When holiday expectations go unfulfilled, I cannot help but think of dear Mary and Joseph, Jesus’s parents.  I imagine Mary had dreamt about her wedding day, and the anticipation of children to come shortly thereafter.  I imagine Joseph envisioned a life with Mary, one where he worked a steady job, provided for his family, and led an honorable life.

Their expectations, much like ours, flew out the window.  In Matthew 1:18, the Bible shares of Mary and Joseph being engaged.  This was no normal engagement, as Mary “was found to be with child from the Holy Spirit.”  Scandalous!  So much so, Joseph wanted to throw in the towel and sneak away quietly.  Thankfully, God knew and understood Joseph’s fears and told him via an angel in his dream that Mary had conceived from the Holy Spirit.  Joseph was to have a son, and he was to call him Jesus, who was to save his people from their sins.  The angel’s message fulfilled a prophecy from the Old Testament, “Behold, the virgin shall conceive and bear a son, and they shall call his name Immanuel” (Isaiah 7:14).

As the birth of Jesus neared, Mary and Joseph were traveling in a small town called Bethlehem, where Joseph was from.  They were to register here, as he was of the house and lineage of David.  Then in the sleepy town of Bethlehem, Mary was laboring.  She and Joseph were not able to obtain a conventional bed for the birth of their son.  Their expectations for a cozy, clean birth, were upset by the arrival of their son in a barn, filled with animals.  In Luke 2:7, it says “she gave birth to her firstborn son and wrapped him in swaddling cloths and laid him in a manger, because there was no place for them in the inn.”  Mary didn’t get to shower after her long and laborsome birth story.  But in her presence, there was a son like no other.  One who would fulfill all expectations.  The One who would be the King of Kings, Immanuel, Prince of Peace, Lord of Lords.

When holiday expectations go unfulfilled, I know I can rest in the One who fulfilled expectations of everlasting hope, joy, peace, and love.  Jesus, fully man, and fully God, came into this world humbly, and left this world to be cared for by His Holy Spirit.  He will accomplish all that is written of Him.  He will be our comforter, He will be our deliverer.  If ever your heart is to be sad or forlorn this holiday season, cling to the Hope we have in Jesus!

Twas the Night Before Thanksgiving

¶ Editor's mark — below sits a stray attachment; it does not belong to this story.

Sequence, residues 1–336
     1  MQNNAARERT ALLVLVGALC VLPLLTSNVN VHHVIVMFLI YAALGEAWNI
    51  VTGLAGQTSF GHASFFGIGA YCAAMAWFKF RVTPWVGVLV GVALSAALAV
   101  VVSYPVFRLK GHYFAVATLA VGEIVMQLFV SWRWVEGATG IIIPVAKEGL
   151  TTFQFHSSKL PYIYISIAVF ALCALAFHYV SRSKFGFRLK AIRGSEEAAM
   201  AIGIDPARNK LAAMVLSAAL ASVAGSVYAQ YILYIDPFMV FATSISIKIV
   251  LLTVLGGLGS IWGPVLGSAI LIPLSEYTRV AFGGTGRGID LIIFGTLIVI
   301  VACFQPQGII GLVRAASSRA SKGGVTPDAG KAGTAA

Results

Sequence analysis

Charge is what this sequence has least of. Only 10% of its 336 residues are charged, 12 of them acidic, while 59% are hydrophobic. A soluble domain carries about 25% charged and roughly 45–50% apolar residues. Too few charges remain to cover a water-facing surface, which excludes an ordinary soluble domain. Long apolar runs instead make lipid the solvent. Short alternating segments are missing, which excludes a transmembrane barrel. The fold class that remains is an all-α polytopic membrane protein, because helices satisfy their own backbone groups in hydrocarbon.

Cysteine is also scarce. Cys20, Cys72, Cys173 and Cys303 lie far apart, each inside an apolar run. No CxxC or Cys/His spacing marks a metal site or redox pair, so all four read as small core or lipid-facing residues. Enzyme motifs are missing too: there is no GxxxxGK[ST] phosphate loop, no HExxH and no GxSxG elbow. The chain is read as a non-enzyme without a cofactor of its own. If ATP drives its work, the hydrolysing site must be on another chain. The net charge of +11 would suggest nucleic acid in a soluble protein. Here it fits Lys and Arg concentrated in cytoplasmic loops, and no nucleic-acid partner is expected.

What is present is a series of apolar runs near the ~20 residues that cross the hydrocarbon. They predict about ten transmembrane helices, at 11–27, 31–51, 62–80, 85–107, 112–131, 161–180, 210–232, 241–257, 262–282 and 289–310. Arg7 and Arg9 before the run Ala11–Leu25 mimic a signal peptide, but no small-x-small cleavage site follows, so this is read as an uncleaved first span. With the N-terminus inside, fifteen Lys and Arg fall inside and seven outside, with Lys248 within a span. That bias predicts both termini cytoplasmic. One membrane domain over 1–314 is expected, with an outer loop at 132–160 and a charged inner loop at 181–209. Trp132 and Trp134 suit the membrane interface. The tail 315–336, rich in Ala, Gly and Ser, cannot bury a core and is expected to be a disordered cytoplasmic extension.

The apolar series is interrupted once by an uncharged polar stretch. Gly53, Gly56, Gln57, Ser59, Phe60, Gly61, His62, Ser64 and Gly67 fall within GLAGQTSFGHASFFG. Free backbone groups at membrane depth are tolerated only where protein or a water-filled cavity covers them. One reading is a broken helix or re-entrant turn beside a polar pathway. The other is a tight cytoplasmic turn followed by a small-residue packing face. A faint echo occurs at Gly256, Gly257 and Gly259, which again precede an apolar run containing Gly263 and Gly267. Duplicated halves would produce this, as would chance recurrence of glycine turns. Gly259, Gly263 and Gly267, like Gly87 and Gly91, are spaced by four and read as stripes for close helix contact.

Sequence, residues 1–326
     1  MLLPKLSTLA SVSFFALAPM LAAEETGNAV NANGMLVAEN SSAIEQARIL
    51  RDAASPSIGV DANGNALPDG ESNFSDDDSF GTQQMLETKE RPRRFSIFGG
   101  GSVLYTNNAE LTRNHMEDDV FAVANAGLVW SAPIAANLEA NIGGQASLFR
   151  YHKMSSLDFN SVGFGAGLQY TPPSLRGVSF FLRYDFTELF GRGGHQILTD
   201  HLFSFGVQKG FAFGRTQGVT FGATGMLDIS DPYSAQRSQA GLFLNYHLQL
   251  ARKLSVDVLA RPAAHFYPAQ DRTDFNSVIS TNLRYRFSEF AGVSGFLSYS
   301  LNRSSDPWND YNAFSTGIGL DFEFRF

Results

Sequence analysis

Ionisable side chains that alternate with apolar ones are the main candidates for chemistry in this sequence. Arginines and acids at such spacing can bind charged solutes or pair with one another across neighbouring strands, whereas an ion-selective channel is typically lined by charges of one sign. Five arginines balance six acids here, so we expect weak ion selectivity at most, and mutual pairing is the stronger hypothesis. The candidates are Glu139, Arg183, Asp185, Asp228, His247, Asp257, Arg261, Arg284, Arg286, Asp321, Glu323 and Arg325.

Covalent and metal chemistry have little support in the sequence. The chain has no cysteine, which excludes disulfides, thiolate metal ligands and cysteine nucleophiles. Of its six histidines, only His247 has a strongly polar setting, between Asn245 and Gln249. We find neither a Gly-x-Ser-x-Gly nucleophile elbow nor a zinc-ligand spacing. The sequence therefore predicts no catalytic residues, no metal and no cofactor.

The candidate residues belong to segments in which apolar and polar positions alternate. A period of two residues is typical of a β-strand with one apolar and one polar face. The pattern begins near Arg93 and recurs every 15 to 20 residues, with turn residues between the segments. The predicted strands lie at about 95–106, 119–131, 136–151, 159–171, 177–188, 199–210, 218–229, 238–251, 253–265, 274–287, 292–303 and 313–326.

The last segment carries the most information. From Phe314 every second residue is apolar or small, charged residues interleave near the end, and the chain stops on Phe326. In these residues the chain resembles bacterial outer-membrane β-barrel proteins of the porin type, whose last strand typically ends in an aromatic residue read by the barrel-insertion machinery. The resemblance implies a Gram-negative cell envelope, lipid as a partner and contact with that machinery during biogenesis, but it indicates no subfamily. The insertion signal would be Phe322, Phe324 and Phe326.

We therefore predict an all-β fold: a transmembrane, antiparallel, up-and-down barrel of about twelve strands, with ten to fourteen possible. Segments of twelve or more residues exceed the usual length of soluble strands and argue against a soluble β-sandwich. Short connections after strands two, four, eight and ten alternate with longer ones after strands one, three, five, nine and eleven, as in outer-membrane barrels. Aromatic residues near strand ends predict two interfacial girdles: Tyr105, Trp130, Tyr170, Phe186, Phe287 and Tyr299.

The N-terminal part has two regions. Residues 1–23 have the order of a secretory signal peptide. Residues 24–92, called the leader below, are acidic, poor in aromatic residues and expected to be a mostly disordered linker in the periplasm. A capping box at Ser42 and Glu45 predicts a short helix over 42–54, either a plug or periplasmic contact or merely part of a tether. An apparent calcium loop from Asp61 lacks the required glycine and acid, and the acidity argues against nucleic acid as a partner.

Author: Chara Donahue

‘Twas the week before Thanksgiving and all through the house,
people were nauseous and I looked at my spouse.

The children were stirring, up late in their beds,
with buckets, in case, next to their heads.

Daddy disinfected and I took a nap,
trying to elude a nasty virus’ trap.

Then the night before the meal, the pre-heat buzzer was beeping,
reminding us to cook while little ones were sleeping.

Away to the oven the pies would be taken,
and soon after sunrise the turkey’d be bakin’,
but “Who would be well, and who would be sick?”
was the question that lingered, as the clock ticked.

We kept prepping the food for the Thanksgiving table,
while praying the tummies would “please, stay stable.”

The best laid plans diverted by things unforeseen,
…but that isn’t the end so pass the caffeine.

We’re better together – so together we’ll be!
We’ll eat what we may, and then play Yahtzee®.

We’ll watch movies, and football, maybe a parade,
Charlie Brown might make it, if his story gets played.

Rolls and applesauce, with Turkey and pie,
each meal hand-picked, to singly satisfy.
Whether sick or well, we’ve been given each other:
sister, brother, father, and mother.

“I am grateful for life and my family today;
for grace, for love, for Jesus!” I say.

We treasure the memories that the day will have made,
not too soon, too quickly, or too easily fade.

We’ll heed this blessed lesson, to take through the years,
one destined to bring joy, and save many tears.

Things don’t have to be perfect for things to be good,
and don’t always turn out how we think that they should.

Focus on the praiseworthy, the noble, and true,
and look to the One, that will bring you through.
Don’t give into despair, but fight for delight.
Happy Thanksgiving to all, and to all a good night!